What would add to the list? Post it here.

3 Fool Proof Mindfulness Tips for Busy People

Mindfulness, once an obscure Buddhist concept, is now a popular practice in our modern world. Why because mindfulness has been proven to improve your ability to be aware of how you think, reduce stress and anxiety, and improve your working memory. Yet when I recommend the practice to my clients they often complain, “I’m too busy to take time out, be still, and meditate.” In response I encourage them to incorporate the following into their daily life.


Start small. Focus away from your computer, tablet, or phone screen on an object close at hand. Maybe you look out the window at the clouds in the sky or maybe a shadow on your wall. It doesn’t matter use something that is as close to nature as possible. Set a timer for 60 seconds, sit or stand still, and focus on the details of the object. Avoid focusing on the thoughts as enter your mind, just bring your attention back to the object. When a minute passes notice how you feel before returning to your previous activity.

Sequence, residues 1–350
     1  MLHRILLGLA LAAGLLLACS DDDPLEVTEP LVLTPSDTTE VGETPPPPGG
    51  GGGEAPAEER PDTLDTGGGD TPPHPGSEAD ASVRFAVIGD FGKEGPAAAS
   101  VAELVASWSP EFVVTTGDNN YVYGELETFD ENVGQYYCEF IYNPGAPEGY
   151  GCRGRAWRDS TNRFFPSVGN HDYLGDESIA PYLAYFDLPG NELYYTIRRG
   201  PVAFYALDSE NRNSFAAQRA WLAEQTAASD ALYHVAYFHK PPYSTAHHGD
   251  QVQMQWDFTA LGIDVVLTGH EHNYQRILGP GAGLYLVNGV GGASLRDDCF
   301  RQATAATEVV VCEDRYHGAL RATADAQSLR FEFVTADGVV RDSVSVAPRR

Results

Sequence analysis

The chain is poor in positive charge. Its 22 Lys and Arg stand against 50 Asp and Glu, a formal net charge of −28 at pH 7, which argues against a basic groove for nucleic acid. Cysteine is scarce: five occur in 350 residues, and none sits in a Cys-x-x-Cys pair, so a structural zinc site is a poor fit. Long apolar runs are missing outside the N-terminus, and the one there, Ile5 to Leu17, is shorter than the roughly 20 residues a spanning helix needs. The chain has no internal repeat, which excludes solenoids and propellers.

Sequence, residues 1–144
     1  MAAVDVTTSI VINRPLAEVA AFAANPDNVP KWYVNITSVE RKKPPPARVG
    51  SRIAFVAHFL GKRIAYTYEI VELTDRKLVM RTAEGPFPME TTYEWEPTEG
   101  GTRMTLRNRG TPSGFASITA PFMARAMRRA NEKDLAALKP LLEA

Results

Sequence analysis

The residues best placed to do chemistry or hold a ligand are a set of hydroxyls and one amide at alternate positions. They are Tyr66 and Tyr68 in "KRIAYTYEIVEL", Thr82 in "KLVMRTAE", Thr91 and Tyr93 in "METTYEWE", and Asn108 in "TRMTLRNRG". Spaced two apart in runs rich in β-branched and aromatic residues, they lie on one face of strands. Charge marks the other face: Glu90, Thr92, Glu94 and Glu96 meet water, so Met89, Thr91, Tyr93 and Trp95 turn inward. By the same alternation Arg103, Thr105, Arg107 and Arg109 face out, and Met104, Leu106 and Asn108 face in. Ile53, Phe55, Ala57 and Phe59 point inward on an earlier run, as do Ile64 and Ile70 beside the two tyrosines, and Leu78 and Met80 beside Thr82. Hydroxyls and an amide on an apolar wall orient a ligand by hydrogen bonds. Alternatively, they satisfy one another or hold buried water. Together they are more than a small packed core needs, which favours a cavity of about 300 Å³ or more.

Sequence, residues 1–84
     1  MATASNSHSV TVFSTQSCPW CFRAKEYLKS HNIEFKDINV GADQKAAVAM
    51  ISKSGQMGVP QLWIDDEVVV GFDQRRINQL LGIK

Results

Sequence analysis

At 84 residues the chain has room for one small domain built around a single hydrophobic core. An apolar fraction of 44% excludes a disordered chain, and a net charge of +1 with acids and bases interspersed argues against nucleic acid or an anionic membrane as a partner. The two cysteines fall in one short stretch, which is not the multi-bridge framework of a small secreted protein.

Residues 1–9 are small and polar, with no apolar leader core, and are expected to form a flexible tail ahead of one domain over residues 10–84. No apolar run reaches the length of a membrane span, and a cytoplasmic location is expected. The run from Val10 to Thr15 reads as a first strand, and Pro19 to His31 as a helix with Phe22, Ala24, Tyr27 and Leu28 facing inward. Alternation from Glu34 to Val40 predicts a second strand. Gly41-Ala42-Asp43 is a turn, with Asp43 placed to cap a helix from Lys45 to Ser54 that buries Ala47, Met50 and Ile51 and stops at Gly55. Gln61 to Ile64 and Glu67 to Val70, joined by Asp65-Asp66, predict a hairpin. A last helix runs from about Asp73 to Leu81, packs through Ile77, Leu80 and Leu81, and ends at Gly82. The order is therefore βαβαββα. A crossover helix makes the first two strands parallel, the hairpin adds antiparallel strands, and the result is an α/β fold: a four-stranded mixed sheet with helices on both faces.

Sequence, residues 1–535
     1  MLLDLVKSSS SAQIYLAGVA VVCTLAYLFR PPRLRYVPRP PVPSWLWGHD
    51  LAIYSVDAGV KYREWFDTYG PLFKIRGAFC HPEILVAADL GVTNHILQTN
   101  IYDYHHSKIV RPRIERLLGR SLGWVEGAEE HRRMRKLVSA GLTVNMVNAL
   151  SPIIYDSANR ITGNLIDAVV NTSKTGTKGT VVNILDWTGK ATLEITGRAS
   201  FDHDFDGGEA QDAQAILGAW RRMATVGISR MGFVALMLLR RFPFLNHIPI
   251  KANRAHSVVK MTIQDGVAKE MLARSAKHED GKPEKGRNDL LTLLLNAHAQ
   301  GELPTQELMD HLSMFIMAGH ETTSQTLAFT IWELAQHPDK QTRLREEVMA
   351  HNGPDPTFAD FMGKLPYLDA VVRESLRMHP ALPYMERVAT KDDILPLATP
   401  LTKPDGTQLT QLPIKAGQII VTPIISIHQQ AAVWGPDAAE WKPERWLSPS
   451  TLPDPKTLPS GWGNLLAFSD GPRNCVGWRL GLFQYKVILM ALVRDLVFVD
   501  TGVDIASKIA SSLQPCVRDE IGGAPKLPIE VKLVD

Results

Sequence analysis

Create a Mindfulness jar. You can buy one on Amazon or make your own. All you need is a clear glass jar, like an empty jar that had pickles or mayonnaise in it. Then fill it with water, dish soap and glitter of glitter glue. 


Set a reminder. Use your calendar app, fitness tracker or Apple watch and set a reminder for the same time every day. You can practice the activity previously described or focus on your breath. There are a number of techniques to use when focusing on your breath from counting to breathing in one color and out another. If you’d like the audio I created for an online course on breathing, just ask for it in the comments below and I’ll send it your way.


Take small consistent steps to increase your awareness of the present moment. Many times people avoid starting because they think it has to be for 20 or 30 minutes at a time. Harvard University researchers observed that short sessions of meditation practiced with consistency improved the regions of the brain associated with memory, learning, emotion control, self-awareness and perspective.

3 Best Ways to Live With Intention